[clug] Kernel without initramfs
cottrill.david at gmail.com
Wed Mar 25 07:23:10 GMT 2009
Thanks all, the big delay was coming from the debian-live initramfs
bootscripts (I'm using Debian as host too).
I believe scsi was the right place to look but it is still failing at the
same point. Have tried all variations of root=/dev/hda1, /dev/sda1 LABEL=...
Inserting a generic kernel into the same image is a serious performance hit
- these SoC motherboards are not like a standard computer, so P2 200MHz
/128MB ram is actually more like 486dx 200MHz / 100MB ram. I've built PII
400 desktops (Gentoo and Debian) and they are vastly different beast.
Even so, the boot time has been cut down enough using debootstrap instead of
cdebootstrap that I can deal with the idea of having a generic kernel (but I
will change modules=most to modules=dep). debootstrap more
accurately assesses my idea of a 'minimal' system.
When I say generic kernel - I mean Debian, not vanilla.
The setting for CONFIG_RAMFS I believe is 'y' (but support for
initrd/initramfs is 'n') so I'll give that one last crack
Now that I'm settled on not using debian-live, I have to figure out a way to
reduce the number of writes to disk. CF cards don't react well to that over
the short term and it's positively destructive medium to long term.
Interestingly I've noticed that many flash disk drive manufacturers are
pitching at the server market. Flash drives can take maybe a million hits
(cheap ones 100,000) per bit before they hit MTBF. Even with load levelling,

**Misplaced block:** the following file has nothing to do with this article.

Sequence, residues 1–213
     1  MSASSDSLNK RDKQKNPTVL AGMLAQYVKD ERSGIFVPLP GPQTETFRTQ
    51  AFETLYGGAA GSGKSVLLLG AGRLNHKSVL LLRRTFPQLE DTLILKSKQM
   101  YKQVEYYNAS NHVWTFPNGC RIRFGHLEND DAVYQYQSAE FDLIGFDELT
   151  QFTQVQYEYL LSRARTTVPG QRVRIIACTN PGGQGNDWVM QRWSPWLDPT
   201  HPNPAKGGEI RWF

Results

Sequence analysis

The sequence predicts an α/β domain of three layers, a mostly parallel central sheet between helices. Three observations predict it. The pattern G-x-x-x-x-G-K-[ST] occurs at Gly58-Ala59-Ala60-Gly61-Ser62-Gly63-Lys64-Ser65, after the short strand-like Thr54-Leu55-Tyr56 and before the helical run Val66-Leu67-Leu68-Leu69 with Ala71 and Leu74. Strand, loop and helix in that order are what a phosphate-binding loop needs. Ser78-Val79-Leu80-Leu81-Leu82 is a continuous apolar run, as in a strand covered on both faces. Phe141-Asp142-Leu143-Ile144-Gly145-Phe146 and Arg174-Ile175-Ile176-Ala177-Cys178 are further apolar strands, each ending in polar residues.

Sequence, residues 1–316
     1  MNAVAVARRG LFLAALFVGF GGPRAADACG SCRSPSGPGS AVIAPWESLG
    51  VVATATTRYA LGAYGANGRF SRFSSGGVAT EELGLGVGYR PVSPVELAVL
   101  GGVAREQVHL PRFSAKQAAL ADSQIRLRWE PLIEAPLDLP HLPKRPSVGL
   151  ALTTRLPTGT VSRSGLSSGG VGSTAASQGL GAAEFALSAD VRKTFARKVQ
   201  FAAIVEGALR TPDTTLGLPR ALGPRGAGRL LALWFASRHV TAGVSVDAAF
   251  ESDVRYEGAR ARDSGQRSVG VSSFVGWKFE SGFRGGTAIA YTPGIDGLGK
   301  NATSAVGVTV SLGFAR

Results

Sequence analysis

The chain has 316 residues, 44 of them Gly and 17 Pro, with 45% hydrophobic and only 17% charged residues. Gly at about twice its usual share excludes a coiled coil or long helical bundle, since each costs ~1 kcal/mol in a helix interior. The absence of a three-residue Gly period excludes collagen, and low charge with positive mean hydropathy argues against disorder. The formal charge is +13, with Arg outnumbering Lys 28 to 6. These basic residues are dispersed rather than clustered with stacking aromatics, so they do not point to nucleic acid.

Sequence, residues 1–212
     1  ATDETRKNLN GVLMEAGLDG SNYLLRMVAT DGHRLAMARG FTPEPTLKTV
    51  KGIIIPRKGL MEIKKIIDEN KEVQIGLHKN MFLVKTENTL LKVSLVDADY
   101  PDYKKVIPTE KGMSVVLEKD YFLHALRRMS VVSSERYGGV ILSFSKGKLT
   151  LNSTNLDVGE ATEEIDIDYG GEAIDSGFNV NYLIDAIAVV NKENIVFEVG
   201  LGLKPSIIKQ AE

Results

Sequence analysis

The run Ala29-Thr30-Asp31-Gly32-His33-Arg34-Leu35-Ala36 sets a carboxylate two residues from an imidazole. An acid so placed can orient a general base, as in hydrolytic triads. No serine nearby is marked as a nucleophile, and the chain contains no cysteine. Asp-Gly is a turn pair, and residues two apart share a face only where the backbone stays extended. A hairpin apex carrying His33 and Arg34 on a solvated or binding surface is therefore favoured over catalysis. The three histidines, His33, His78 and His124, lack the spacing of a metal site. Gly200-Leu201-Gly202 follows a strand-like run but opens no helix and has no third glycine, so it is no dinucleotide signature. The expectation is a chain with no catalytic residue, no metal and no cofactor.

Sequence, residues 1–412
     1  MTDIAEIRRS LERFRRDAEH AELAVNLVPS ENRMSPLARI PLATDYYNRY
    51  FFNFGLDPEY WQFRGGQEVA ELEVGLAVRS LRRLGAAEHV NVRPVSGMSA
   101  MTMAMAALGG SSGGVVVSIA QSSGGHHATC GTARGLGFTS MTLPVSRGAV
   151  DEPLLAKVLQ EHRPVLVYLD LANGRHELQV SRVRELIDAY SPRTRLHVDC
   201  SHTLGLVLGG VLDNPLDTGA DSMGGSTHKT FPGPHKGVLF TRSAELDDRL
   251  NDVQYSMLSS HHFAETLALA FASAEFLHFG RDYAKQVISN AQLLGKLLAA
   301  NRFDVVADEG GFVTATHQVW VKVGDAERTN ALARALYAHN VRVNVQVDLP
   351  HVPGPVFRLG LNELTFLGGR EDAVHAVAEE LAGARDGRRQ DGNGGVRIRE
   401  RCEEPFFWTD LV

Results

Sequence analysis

I'm betting most people out there could rack that up on a serious server in
a day or so.
On Wed, Mar 25, 2009 at 11:52 AM, Robert Edwards <bob at cs.anu.edu.au> wrote:
> David Cottrill wrote:
>> I'm working at getting a P2 300MHz to boot in a reasonable time - the
>> initramfs runtime on a generic kernel is about 2 minutes.To fix this I've
>> built and will be rebuilding a custom kernel with all the required modules
>> built in.
>> What I've done - lsmod from the generic kernel, made sure all modules
>> got included in the kernel in my custom version.
>> The remaining problem: After finding all my devices (including my hard
>> the boot sequence fails to mount the root partition (local).
>> The first and last error message is:
>> VFS: can't mount (insert disk label or /dev/hda1 or /dev/sda1 or anything
>> else here) or block (0,0)
>> Please append a correct root=... Choose from the following partitions:
>> There isn't a list of partitions to choose from so I guess it is the
>> is in the part of the kernel that recognises partitions but my most recent
>> build included almost all of the partition options so I'm a little bit
>> Any suggestions?
> Are you compiling a kernel.org kernel or one from the Ubuntu kernel
> source packages? The Ubuntu kernel sources include patches to find
> the root file system by disk label. You probably should identify your
> root fs by block device instead (eg. root=/dev/sda1 etc.) (and in
> fstab as well...).
> Bob Edwards.
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